Let’s Talk About Instagram’s Hidden Likes

Instagram Hidden Likes

Hello, hello, friends! Brace yourselves — the hiding of Instagram likes is coming! I want to take the time to really break it down today and give you guys some insight about what I think about the change (spoiler alert: I welcome it), and exactly what this could mean for creators. Now that I’ve started to make an income from my Instagram, it’s really important for me as a creator to understand how this shift in the platform will change not only how I interact with other creators and followers, but how I interact with brands (my employers), as well. I’ve done quite a bit of research about this and I hope this gives you some insightful information on how to brace yourself for the change. 

Removing vs. Hiding

So, first off, this isn’t a permanent change; however, I think this beta testing is truly the beginning of a permanent do-away with likes. And, I should note: the likes aren’t going away, technically. However, others won’t be able to see how many likes you’ve gotten on a post, meaning that you are (the creator of the account) the only one able to see the like count. Instagram executives have said this shift is an attempt to “depressurize” the platform and pave way for a shift back toward quality content. Instagram has made this change in hopes that it will improve the mental health of users around the globe, which is so incredible. I’ll be the first to admit that vanity metrics are difficult to digest sometimes; it breeds an environment of competition, comparison and an implied (yet heavily misguided) ideal of success. 

A Shift Back to Quality Content

With this change, we’ll see a shift away from content that is intended to maximize vanity metrics and instead a focus on quality content that is authentic, organic and personal. In the wake of vanity metrics, we saw a greater emphasis on ‘viral’ content; we also have seen a rise of inauthentic and ‘paid for’ vanity metrics. Without the pressure of others being able to see your metrics, posters no longer hold the fear of content ‘failing’ on the platform.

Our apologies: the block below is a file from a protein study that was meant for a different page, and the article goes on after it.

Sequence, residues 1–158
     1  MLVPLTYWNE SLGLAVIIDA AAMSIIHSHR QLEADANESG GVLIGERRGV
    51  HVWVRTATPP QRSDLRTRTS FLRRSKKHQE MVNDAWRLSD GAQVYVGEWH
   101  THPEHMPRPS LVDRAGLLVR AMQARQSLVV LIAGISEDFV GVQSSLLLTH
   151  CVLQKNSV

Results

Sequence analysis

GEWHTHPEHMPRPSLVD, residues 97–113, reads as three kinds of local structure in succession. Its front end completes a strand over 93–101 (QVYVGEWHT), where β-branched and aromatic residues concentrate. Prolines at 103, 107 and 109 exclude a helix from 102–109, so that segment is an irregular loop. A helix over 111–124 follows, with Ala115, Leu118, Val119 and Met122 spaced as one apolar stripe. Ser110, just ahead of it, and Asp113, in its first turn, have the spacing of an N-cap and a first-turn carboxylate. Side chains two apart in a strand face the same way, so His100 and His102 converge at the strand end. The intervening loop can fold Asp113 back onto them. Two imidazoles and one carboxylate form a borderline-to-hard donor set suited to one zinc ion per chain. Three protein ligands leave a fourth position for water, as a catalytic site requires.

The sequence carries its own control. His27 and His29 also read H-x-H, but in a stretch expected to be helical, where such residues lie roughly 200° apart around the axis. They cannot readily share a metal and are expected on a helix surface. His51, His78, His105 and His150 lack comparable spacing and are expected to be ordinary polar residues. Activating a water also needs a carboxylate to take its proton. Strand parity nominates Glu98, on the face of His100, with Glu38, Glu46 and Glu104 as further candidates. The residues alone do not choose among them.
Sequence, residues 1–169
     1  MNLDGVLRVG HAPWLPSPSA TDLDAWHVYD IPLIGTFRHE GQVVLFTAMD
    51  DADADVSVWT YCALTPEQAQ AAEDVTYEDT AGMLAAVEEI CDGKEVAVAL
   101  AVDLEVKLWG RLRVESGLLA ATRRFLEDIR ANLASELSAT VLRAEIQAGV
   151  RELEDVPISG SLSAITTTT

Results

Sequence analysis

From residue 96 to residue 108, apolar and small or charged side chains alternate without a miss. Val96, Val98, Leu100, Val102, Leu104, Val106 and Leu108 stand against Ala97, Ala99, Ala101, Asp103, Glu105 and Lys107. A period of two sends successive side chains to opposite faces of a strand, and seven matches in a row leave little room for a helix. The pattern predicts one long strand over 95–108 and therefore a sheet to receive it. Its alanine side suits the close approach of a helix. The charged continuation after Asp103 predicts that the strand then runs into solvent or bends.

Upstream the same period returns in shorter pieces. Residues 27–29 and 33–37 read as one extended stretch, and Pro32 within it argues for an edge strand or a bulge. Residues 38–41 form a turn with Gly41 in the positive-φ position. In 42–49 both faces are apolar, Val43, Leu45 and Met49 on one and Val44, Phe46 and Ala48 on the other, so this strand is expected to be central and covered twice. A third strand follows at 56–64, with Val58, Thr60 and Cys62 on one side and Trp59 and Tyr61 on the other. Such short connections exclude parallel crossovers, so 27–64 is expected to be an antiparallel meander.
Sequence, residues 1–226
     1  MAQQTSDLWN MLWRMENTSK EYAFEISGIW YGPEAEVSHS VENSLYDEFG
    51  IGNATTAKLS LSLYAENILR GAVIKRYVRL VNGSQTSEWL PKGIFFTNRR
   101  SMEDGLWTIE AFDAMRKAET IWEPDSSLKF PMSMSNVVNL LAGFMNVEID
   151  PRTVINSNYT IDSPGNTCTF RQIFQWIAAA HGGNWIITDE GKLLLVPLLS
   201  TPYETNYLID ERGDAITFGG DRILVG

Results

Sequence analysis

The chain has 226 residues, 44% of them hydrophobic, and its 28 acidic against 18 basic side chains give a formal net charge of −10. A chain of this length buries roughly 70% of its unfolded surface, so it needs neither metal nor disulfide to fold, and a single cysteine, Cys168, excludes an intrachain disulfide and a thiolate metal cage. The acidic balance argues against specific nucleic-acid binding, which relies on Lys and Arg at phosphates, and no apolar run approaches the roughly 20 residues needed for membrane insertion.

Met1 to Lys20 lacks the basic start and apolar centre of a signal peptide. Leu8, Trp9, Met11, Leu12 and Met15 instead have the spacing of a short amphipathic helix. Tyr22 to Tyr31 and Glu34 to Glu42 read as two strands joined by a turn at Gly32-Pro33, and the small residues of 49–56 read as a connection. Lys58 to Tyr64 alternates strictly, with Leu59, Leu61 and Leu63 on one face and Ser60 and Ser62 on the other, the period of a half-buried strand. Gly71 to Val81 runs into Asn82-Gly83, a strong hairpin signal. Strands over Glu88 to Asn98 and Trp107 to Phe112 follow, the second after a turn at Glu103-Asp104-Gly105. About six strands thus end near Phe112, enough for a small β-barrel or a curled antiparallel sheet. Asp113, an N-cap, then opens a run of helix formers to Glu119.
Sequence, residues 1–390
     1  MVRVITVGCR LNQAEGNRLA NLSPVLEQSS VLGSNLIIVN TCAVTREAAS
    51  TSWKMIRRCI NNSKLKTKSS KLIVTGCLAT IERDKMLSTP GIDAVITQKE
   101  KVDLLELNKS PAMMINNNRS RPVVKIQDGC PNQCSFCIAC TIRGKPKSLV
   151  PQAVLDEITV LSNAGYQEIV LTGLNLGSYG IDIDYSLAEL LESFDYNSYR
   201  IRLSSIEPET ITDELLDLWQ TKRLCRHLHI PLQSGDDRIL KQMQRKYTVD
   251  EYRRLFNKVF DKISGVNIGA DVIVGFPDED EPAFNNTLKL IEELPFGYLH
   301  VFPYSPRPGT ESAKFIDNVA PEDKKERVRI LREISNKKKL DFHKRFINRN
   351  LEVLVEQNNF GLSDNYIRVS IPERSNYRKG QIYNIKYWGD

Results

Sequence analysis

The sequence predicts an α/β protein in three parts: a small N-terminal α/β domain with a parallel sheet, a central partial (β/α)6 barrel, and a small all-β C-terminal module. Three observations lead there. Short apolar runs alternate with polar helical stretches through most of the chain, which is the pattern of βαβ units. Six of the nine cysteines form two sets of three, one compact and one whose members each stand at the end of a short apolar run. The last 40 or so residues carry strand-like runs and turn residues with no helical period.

A Greater Emphasis on Stories

We’ve seen a really controlled focus on Instagram stories in the past year or so. It seems every time Instagram rolls out any kind of update, it gives greater range to the abilities of the Stories feature rather than fixing algorithmic qualms that seemingly plague the feed [please, just bring back the chronological order]. So, although this is perhaps independent of the likes feature disappearing, we will see a greater emphasis on the use of Stories. 

More Sophisticated Engagement Analysis

Since likes are being hidden from users, there will be a shift toward different methods of engagement. This is especially important for creators/influencers that utilize their platforms to make money through brand collaborations and sponsorships. Now that brands won’t be able to see the amount of likes on a post, they must now rely on follower count and comments in order to determine if their investment in that creator would be worthy. Brands will most likely begin to ask you for your vanity metrics and insights [something many of them do already — asking for backend data and insights]. In addition, we may see a push for creators to write compelling copy that encourages users to have a conversation with them within the comments. Keep your eyes peeled for more intentional call-to-actions and lengthier comment replies.